That's exactly what I asked when I sat for the job interview 2 years ago. I'm willing to travel but based in my hometown.

The company respond by putting me at my home and run the full operation from there.

Just one thing that prompts me to write this post:

Last Friday, while I was waiting for the flight home after the sales meeting, my friend makes an interesting remark about being based at home.

He said:

"Many people like to be based at home. I like it too. But I don't like it when my wife sees it. She thought I was so free, that she starts to delegate the household chores, bit by bit. She asked me to do one small thing first. And everything adds on from there," he smiled and end his remark.

Well, I also smiled at that.

Actually, I don't have to admit the truth to the statement.

Something to think about, if your company is considering to base you at home.

But it's right to married sales reps only.

Motivation Makes A Difference

2 frogs trapped in a large bottle of milk. Both struggling to get out.

One said to the other:

"Let's keep kicking, and maybe we'll jump out soon. We'll sink anyway if we stop kicking."

And on, and on, it keeps kicking with its tiny legs.

The other frog suddenly said:

"You know what, this is going nowhere. We're so not getting out of here, and I'm damn tired!"

And it decided to stop kicking.

Sure enough, it subsides seconds later. Bloop! Bloop! To the bottom of the bottle, it goes...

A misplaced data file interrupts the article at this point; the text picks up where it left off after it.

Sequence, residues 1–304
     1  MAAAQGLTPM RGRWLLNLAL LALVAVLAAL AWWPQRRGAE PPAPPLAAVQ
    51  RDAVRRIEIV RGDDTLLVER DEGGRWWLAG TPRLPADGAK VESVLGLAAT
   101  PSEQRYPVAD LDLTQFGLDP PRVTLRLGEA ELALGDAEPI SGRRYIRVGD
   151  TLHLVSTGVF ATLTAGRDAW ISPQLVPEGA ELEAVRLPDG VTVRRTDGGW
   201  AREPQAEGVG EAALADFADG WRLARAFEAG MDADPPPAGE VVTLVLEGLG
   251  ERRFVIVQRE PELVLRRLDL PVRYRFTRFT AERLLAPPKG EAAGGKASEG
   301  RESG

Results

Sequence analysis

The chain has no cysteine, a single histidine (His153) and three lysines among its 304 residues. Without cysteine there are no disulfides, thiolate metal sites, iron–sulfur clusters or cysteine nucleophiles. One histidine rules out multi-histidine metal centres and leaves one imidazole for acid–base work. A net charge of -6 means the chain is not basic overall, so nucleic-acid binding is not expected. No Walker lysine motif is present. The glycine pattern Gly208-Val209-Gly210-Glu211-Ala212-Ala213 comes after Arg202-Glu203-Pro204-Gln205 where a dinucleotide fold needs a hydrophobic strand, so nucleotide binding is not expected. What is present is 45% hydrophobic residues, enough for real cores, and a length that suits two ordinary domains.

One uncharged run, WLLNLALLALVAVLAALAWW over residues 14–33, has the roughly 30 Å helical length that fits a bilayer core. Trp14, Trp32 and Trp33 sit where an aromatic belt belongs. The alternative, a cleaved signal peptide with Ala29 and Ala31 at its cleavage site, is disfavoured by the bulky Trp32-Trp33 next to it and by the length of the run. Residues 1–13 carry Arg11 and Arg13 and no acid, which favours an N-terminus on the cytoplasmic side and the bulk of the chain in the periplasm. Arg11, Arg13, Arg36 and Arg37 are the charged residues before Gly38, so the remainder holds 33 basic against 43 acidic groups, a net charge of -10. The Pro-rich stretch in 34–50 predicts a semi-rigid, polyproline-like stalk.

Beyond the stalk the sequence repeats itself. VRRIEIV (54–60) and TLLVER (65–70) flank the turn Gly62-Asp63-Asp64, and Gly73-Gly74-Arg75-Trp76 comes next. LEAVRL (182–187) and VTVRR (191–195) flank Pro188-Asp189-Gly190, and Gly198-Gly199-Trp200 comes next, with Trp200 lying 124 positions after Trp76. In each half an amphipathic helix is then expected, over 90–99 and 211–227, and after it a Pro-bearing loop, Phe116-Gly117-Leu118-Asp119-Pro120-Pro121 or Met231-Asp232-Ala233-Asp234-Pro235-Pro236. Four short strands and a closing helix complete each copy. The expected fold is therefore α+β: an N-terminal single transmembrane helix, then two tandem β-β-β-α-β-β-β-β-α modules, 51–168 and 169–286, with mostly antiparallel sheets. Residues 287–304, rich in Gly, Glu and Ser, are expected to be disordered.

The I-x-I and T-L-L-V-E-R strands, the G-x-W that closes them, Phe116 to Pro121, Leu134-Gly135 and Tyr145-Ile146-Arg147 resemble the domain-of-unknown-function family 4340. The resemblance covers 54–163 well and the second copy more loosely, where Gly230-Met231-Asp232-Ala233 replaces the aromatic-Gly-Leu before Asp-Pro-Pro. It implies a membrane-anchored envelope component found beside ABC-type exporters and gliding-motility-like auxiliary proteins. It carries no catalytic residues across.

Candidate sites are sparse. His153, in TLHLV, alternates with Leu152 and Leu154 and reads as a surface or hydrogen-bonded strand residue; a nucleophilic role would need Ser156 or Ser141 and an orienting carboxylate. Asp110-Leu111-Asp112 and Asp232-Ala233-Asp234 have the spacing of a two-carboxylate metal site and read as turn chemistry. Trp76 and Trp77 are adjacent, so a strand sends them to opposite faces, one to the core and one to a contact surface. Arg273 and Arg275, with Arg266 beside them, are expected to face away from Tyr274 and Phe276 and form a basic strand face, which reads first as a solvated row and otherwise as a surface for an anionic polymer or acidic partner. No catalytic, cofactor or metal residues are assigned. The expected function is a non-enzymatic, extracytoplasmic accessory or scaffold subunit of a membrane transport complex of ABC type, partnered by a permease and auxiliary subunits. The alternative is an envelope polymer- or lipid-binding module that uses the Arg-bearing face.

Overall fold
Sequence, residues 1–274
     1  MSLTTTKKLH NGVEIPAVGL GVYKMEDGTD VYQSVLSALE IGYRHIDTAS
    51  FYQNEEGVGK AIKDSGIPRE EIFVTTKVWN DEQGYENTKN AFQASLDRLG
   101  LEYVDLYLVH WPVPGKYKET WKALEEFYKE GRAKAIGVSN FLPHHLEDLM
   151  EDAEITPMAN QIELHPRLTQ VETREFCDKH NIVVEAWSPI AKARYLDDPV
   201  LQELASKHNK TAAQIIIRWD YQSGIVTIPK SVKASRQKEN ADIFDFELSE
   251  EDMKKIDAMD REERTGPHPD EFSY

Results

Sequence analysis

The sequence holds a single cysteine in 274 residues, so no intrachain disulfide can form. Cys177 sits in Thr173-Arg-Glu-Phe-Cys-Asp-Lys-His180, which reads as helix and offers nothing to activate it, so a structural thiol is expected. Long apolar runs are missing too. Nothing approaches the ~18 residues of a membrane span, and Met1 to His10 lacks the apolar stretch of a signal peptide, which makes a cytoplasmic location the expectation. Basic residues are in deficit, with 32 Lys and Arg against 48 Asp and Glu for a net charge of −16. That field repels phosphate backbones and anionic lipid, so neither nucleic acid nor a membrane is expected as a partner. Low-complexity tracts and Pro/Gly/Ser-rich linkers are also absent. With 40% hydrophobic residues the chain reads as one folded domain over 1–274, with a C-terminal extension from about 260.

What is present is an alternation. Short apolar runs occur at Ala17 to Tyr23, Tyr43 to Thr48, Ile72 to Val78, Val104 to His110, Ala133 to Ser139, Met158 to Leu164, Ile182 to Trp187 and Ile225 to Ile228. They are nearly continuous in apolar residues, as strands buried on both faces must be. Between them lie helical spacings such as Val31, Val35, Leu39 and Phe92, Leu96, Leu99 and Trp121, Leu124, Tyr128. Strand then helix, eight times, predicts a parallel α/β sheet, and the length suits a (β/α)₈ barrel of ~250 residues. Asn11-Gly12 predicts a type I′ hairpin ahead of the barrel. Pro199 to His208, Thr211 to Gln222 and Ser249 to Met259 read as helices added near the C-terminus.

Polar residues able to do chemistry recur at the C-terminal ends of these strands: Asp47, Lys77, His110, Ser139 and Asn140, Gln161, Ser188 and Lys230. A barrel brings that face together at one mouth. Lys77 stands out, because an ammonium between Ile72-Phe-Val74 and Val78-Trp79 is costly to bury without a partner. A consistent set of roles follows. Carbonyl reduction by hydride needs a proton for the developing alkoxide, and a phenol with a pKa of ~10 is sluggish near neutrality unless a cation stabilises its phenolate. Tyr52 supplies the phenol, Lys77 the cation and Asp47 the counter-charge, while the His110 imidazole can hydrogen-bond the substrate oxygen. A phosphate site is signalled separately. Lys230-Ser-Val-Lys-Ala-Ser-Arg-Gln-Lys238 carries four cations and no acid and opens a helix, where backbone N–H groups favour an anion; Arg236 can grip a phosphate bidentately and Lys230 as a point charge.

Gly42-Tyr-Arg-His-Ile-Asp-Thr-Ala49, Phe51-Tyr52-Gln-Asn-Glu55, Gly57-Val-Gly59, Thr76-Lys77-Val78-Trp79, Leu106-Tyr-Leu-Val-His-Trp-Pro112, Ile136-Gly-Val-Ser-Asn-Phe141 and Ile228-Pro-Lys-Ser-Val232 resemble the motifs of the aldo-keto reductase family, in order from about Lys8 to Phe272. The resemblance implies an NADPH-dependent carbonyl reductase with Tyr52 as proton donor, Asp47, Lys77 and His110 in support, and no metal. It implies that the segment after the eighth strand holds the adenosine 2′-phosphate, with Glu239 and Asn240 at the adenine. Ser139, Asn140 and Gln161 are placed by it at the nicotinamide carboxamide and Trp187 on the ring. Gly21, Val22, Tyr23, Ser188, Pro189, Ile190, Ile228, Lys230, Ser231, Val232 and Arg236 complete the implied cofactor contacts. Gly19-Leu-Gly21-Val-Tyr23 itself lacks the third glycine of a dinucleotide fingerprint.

... But the surviving frog keeps on kicking.

Even though its small brain doesn't understand the full consequences of such action, it keeps at it, and by the Will of Allah, something else takes place.

While the frog busy kicking, the milk becomes more robust. Finally, it creates a surface where the frog gives it last kick and suddenly finds itself on the other side of the huge bottle.

It can see the "other" frog lay down dead at the bottom of the bottle. And it said:

"If only you keep kicking..."

Q: What makes the difference?
If we were the frogs, it's a matter of life and death...

A: Motivation!

Somehow, half-way through kicking aimlessly in the bottle, the dead frog finds it's futile to continue.
It misses the point.

Well, perhaps, it was thinking of taking different action...

...But it ends up taking none.

No action is not a "different" action!

The living frog was motivated.

It's, by no means, more skillful than the dead frog when it comes to kicking, but that never stops him from keeping at it. It, somehow, demonstrates the value of action and reaction, and it can continue to kick FREELY outside the bottle.

Can you relate to this story?


Are you trapped in a bottle, somewhere, and decided to stop kicking?

Always remember the dead frog.